Tuesday, July 24, 2007 | 7:24 a.m.
Go v. Jim Gibbons arrogantly dismissed wise advice on the state's battle to stop federal plans to put a nuclear waste dump at Yucca Mountain and now is seeing it bite Nevada.
State officials say the Energy Department has been illegally using water for a drilling project at Yucca Mountain, 90 miles northwest of Las Vegas. Doing so violates a 2003 court-ordered agreement on water use, said State Engineer Tracy Taylor, Nevada's water czar.
However, instead of holding a firm line and immediately telling federal officials to stop, Gibbons decided to let the illegal water grab go on for 30 more days so workers at Yucca Mountain could wrap up the project.
On Friday an attorney for the Energy Department called Nevada's position "unacceptable" and argued that by allowing 30 days of water use, the state "implicitly recognizes" that the Energy Department has a legitimate need for the water.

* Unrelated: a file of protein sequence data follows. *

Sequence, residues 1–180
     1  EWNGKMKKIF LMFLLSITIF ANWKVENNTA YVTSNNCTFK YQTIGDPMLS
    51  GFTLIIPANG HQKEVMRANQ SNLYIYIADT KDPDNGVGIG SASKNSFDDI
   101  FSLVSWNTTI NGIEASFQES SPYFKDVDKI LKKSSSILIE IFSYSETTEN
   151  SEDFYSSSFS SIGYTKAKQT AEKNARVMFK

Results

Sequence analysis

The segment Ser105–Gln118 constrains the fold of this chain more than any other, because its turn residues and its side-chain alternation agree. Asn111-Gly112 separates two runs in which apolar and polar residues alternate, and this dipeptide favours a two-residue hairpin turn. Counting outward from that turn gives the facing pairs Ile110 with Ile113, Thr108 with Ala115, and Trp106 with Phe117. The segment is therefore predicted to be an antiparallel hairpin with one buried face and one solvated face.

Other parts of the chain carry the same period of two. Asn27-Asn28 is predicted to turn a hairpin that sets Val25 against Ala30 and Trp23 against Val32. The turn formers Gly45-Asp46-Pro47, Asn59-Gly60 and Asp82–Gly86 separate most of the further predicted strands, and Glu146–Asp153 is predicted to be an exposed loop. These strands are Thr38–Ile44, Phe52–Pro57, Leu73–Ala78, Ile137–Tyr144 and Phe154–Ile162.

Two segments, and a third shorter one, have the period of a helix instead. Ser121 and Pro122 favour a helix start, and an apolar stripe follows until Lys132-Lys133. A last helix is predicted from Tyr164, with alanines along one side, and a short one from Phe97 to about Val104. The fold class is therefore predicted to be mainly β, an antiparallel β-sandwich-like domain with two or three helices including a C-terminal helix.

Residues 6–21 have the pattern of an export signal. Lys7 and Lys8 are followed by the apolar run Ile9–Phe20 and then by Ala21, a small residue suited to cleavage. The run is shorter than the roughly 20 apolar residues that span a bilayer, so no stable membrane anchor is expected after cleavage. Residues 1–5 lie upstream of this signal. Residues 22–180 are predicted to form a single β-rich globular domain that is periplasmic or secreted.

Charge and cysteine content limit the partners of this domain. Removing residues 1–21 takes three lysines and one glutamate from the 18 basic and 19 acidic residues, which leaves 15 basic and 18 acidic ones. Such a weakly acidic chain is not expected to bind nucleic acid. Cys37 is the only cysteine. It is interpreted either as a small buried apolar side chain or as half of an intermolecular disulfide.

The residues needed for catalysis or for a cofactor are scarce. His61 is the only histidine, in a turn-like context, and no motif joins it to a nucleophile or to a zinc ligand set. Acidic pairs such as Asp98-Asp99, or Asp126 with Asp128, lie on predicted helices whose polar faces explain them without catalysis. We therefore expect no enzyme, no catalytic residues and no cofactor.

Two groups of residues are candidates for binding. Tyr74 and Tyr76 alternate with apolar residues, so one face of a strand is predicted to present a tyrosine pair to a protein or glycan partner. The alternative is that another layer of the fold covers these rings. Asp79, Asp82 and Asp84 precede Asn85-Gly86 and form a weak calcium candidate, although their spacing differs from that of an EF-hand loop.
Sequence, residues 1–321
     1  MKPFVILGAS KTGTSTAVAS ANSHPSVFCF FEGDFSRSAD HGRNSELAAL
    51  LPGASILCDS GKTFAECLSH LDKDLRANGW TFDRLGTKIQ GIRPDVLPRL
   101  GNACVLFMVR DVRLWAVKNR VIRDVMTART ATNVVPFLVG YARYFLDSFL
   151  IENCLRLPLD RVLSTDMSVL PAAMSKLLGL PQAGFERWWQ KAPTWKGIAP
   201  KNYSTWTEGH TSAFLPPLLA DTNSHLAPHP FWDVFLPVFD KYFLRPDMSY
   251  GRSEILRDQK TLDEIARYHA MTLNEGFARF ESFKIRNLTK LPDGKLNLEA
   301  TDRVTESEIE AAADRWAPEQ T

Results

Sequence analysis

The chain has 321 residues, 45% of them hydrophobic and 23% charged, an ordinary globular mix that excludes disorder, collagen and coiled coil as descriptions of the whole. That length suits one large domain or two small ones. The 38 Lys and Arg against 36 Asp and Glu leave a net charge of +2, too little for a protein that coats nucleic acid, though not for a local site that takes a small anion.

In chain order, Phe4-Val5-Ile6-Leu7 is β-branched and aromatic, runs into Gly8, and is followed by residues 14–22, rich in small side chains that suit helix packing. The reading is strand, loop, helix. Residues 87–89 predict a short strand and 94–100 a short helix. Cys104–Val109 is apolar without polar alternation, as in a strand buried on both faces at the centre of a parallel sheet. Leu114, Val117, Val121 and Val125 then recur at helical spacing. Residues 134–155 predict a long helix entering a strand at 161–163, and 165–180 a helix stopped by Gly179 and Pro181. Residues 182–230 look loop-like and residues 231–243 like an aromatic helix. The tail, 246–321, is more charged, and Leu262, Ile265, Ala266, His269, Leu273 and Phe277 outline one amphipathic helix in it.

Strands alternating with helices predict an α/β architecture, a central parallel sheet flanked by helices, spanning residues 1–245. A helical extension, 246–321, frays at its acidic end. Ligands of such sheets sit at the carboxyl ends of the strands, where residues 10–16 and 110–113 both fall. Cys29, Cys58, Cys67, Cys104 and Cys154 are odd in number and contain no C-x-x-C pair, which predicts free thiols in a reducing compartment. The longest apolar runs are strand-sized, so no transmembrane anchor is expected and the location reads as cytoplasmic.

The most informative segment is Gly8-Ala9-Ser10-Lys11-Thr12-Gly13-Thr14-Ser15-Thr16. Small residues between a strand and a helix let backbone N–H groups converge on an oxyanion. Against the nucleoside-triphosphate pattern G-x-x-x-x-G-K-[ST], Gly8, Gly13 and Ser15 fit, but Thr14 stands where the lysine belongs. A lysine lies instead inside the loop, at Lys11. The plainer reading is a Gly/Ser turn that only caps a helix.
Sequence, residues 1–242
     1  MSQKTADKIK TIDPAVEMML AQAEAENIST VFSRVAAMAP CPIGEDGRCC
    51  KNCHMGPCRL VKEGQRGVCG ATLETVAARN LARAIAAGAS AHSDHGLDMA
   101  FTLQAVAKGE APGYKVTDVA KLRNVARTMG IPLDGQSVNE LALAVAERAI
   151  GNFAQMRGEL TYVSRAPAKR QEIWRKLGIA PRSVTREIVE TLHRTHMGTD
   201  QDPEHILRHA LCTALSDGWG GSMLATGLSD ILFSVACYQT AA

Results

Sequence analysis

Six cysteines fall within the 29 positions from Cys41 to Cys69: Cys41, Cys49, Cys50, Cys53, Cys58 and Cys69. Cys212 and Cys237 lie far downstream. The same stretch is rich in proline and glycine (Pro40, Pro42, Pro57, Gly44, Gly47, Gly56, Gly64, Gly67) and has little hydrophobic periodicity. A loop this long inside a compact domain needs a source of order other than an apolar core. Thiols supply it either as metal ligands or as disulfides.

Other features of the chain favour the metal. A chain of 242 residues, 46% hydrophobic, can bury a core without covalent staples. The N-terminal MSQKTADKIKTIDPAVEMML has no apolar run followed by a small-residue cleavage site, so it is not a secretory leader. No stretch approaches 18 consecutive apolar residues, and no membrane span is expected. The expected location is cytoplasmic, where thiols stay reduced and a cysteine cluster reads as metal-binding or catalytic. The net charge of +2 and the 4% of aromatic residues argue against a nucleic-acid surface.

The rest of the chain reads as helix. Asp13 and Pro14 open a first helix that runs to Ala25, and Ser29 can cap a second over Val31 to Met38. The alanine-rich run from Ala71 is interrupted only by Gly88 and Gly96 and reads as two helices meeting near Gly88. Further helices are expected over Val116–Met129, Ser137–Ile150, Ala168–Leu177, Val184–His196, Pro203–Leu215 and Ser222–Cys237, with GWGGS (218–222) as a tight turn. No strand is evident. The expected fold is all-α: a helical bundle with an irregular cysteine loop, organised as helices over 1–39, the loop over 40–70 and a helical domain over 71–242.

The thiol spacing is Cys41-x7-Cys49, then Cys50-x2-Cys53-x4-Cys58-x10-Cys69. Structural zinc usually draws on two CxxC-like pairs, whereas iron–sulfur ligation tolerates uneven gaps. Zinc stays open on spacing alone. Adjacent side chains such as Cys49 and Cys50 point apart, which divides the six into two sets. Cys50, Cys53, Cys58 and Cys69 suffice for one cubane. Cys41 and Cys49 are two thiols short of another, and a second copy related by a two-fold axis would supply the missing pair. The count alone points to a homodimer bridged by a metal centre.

As reported by Jeff German in the Las Vegas Sun last week, Gibbons met with other state officials involved in the Yucca fight and ignored their advice. With the Energy Department clearly in the wrong, they urged him to come down hard on the Energy Department, but Gibbons reminded all present that he was a lawyer and geologist. He gave the Energy Department room to maneuver and ammunition against the state.
He has clearly shown his ignorance on the issue, having, for example, to rescind an appointment last week to the Nevada Commission on Nuclear Projects after it was learned he had named a dump supporter to the panel.
The only good news on Yucca Mountain last week came from Sen. Hillary Clinton, D-N.Y., a presidential candidate who showed a keen understanding of the issue. She called for congressional hearings on Yucca Mountain because of the flawed work and Bush administration's handling of it, and she said if she is elected she will stop the project.
That is the type of strong message that Nevada's governor should send to Washington. Gibbons' message, one of implicit conciliation, is unacceptable.